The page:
She had the surgery in October and took four weeks off then returned to work for one day in November but it was too much of a struggle for her and she was back at home the next day.
In a video uploaded to her Facebook page on November 13, the day she went back to work, she was downcast as she asked viewers for their prayers and well wishes. Starr was struggling to recover from Lasik eye surgery. In her last post on her public Facebook page, she asked fans for their well wishes and said she was struggling to return to work.
‘If you have any tips I’d appreciate it, I’m trying to stay strong and get through this recovery.
‘Thanks again for all the wishes, I’m excited to be back I just want to get my vision back so I can keep you guys smiling,’ she said.
The following day, she posted that she had not yet been ready to go back to work.
‘Yesterday was a struggle for me. I really wanted to come back but I need more time to recover.
‘Please keep me in your thoughts during this challenging time. Will keep you updated,’ she said.
It was her final post.
Starr had two degrees, one in broadcast meteorology and one in geography and communications.
She regularly shared photographs of her happy family life on her public Facebook page.
Before working for Fox 2, she worked for Fox 45, WKAG 3 and WLNS.
Hers is the second laser-eye-related surgery in a month. In November, Canadian Paul Fitzpatrick, 56, took his own life after blaming the procedure for giving him 20 years of intolerable pain in his eyes.
Stevens Johnson syndrome (SJS) and the more severe variant of the disease, toxic epidermal necrolysis syndrome (TENS), are intense autoimmune sensitivity reactions to infections or medications that primarily affect the skin and mucus membranes, including the eyes. Patients with Stevens-Johnson Syndrome have a tendency to have ocular difficulties including dry eyes, eye pain, light sensitivity, scarring, and corneal erosion. Global Complex Eye Care has helped many patients restore vision and quality of life transformed with his innovative treatments.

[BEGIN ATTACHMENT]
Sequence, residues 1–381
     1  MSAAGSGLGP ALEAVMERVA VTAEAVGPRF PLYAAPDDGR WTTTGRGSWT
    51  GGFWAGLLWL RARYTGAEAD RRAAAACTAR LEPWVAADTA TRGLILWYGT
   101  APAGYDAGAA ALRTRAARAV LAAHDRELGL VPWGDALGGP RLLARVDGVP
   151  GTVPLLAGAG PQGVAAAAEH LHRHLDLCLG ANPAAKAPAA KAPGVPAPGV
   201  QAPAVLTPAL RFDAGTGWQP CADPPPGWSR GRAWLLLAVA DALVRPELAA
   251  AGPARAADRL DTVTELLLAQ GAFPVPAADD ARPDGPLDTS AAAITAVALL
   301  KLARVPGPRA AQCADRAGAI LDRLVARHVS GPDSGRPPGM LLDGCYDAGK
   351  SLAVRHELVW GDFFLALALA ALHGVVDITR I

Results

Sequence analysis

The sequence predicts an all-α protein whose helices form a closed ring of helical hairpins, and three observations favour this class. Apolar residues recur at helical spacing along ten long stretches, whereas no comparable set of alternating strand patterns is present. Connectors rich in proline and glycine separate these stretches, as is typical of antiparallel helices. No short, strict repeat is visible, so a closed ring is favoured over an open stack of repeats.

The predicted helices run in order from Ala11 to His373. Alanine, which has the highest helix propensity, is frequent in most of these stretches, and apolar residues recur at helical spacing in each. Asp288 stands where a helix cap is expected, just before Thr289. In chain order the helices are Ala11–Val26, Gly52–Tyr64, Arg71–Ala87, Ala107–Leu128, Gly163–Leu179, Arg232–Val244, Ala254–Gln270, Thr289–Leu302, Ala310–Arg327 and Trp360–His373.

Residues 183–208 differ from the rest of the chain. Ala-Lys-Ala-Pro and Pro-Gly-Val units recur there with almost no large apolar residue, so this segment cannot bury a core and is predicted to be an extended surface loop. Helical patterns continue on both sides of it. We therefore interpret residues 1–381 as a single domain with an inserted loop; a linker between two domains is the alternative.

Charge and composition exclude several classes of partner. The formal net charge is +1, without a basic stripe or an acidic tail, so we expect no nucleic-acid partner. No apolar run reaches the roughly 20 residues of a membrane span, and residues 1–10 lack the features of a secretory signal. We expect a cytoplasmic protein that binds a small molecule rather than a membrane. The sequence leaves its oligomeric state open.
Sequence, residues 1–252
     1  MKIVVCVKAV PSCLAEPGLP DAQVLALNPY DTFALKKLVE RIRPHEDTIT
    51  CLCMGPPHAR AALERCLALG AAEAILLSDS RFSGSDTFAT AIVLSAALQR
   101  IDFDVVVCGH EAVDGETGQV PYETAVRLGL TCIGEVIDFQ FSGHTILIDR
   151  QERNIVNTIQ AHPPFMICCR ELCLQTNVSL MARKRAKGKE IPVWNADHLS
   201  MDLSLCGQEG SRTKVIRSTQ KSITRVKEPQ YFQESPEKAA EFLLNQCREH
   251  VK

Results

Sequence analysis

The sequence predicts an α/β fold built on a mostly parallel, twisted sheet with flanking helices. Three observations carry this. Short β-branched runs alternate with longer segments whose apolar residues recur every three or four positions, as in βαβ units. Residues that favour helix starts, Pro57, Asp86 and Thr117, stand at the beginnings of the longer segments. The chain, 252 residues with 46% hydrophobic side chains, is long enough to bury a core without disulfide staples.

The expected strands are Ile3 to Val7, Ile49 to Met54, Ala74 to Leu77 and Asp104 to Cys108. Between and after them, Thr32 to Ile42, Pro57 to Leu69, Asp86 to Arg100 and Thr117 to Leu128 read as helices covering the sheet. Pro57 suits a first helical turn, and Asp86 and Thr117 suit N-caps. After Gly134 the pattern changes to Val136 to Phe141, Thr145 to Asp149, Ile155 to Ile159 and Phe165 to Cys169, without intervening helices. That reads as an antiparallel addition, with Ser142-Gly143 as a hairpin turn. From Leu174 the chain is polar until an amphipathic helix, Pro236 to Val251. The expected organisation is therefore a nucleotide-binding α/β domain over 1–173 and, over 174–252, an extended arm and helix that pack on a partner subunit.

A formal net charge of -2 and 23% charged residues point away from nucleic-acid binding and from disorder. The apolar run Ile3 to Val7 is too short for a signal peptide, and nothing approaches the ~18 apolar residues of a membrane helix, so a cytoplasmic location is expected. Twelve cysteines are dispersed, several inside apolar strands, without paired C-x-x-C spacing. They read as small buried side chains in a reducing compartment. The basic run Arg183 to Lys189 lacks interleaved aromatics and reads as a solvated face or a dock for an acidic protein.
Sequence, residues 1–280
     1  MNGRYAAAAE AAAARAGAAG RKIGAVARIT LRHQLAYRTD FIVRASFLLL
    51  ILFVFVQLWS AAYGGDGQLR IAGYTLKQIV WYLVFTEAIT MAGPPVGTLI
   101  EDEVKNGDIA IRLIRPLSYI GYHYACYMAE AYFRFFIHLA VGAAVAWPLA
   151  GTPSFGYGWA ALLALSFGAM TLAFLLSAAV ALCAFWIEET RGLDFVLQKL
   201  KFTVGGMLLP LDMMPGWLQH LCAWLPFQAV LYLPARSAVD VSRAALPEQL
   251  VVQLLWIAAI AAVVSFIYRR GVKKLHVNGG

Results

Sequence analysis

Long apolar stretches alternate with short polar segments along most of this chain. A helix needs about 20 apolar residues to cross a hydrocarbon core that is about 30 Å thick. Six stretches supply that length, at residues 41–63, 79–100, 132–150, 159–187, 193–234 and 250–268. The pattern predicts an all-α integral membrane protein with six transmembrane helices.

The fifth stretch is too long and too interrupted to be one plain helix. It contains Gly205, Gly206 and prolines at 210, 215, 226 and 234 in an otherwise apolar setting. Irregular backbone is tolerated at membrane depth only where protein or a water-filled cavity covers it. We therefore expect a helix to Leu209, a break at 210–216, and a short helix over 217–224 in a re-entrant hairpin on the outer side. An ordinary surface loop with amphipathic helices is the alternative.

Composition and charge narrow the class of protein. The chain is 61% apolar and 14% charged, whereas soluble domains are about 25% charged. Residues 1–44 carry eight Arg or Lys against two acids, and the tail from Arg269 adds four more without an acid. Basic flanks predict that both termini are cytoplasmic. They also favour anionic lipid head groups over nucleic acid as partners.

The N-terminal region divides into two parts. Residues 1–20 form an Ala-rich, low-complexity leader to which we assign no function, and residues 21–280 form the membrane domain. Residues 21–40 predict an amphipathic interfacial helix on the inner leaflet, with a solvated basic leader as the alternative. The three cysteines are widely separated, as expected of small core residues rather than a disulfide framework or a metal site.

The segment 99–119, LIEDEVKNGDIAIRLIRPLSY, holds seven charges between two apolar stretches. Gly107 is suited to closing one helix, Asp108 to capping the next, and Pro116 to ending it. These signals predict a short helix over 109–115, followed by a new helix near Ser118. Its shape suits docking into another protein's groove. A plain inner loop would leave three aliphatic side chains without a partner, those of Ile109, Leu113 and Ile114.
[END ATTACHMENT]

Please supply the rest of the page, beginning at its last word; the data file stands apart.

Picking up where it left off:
PVRÂ PROSE Lenses:
PVR PROSE-Â Precision Vision Rehabilitation Â Prosthetic Replacement of the Ocular Surface Ecosystem
PVRÂ PROSE LensesÂ are large-diameter gas permeable prosthetic lens specially designed to vault over the entire corneal surface and rest on the “white” of the eye (sclera). In doing so, scleral lenses functionally replace the irregular cornea with a perfectly smooth optical surface to correct vision problems caused by Lasik failures, post-surgical complications, and other corneal irregularities.
PVRÂ PROSE LensesÂ are designed to vault the corneal surface and rest on the less sensitive surface of the sclera, theseÂ prosthetic lenses often are more comfortable for a person with corneal irregularities. A special liquid fills the space between the back surface of the lens and the front surface of the cornea. This liquid acts as a buffer and protects the compromised corneal tissue. PVR PROSE LensesÂ Â are designed to fit with little or no lens movement during blinks, making them more stable on the eye, compared with traditional corneal gas permeable lenses. These lenses are almost always very comfortable and the vision provided by them is extremely good. The great majority of patients are able to wear their PVRÂ PROSE LensesÂ almost all of their waking hours without problems.
Dr. Irwin Azman prescribes PVRÂ PROSE Lenses for a variety of hard-to-fit eyes, including patients with Stevens-Johnson Syndrome, Radial Keratotomy (RK) and Lasik Complications, Keratoconus, Corneal Ectasia, Post-Surgical Vision Loss, and Pellucid Marginal Degeneration.